BUS606 Study Guide

Unit 6: Process and Inventory Management

6a. Describe lean operations and how it factors into business processes and inventory management 

  • How does lean manufacturing improve efficiency?
  • How can Kanban and Total Quality Management (TQM) principles help with the efficiency of the manufacturing process?
  • How might a supply chain be different for easily perishable items?

When designing an efficient manufacturing process, keep in mind these ten tips: keep it moving, keep it small, keep it logical and sequential, make it ergonomic, economize on movement, optimize parts presentation, do it online, minimize wasteful handling, keep it open and flexible, and keep it simple.
A Kanban system is a lean work scheduling system that involves: visualizing the workflow, limiting works-in-progress (WIP), and measuring the lead, or cycle, time. The goal of a Kanban system is to maximize a team's productivity by reducing idle time.
While lean supply chains are effective, easily perishable items must receive additional considerations in the supply chain. Easily perishable items include food and medicines. Consumers of these products tend to be very conscious about expiration dates. Additionally, partners in the supply chain must invoke special processes, such as refrigeration, and deal quickly with disruptions in the supply chain, such as transportation breakdowns and refrigeration breakdowns. Considering that COVID-19 vaccines had very short expiration dates and required very specialized delivery methods, you can see that a lean, highly effective supply chain needed to be designed quickly.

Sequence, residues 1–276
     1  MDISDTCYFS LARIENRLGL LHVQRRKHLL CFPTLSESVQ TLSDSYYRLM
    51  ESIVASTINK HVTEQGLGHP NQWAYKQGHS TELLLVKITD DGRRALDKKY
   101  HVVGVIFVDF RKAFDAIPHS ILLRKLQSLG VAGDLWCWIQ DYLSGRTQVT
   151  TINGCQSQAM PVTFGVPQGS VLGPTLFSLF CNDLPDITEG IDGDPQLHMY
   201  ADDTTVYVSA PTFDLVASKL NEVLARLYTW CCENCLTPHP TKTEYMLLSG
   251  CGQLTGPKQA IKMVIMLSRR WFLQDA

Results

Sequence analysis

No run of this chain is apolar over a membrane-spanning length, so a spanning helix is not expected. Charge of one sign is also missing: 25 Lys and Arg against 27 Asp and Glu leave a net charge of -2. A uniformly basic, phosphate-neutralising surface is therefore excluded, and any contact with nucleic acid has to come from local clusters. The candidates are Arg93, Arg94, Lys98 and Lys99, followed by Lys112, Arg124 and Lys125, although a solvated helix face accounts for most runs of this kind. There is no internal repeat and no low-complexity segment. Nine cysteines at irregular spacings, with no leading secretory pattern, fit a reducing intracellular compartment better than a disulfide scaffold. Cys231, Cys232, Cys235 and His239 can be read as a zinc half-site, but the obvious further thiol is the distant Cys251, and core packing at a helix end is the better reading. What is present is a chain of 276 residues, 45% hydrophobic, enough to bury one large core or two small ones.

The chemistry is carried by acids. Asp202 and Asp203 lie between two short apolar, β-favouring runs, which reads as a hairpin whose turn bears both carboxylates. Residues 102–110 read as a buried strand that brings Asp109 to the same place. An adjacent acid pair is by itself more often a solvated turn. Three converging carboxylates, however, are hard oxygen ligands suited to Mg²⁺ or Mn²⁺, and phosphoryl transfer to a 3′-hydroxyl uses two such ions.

To review, see:


6b. Determine whether a process is in control or not, how to return the process to being in control, and quantify a process capability after it has returned to control 

  • How do you know when a process is in or out of control?
  • How can Statistical Process Control be used to develop the quality of a product that the consumer requires?

Determining when a manufacturing process is in control or out of control is vital to an organization. Determining the efficiency of the process or identifying problems early can save an organization time and money. Statistical Process Control is one method of continuous improvement that will help an organization collect data, measure data, and make corrections. Any process can be statistically analyzed, including the speed of manufacturing, the number of defects, overall product quality, and more. Organizations can use SPC to reduce the variations in the process.
Control charts can be used in the SPC to depict when a process is in control (when the data remains within an upper- and lower-limit control limit). When data is outside the control limit, it is out of control.
When a process is out of control, that is, when the data collected has variations outside the control limits, corrections must be made.
To review, see Statistical Process Control.

6c. Determine the optimal order quantity and order time for a given inventory model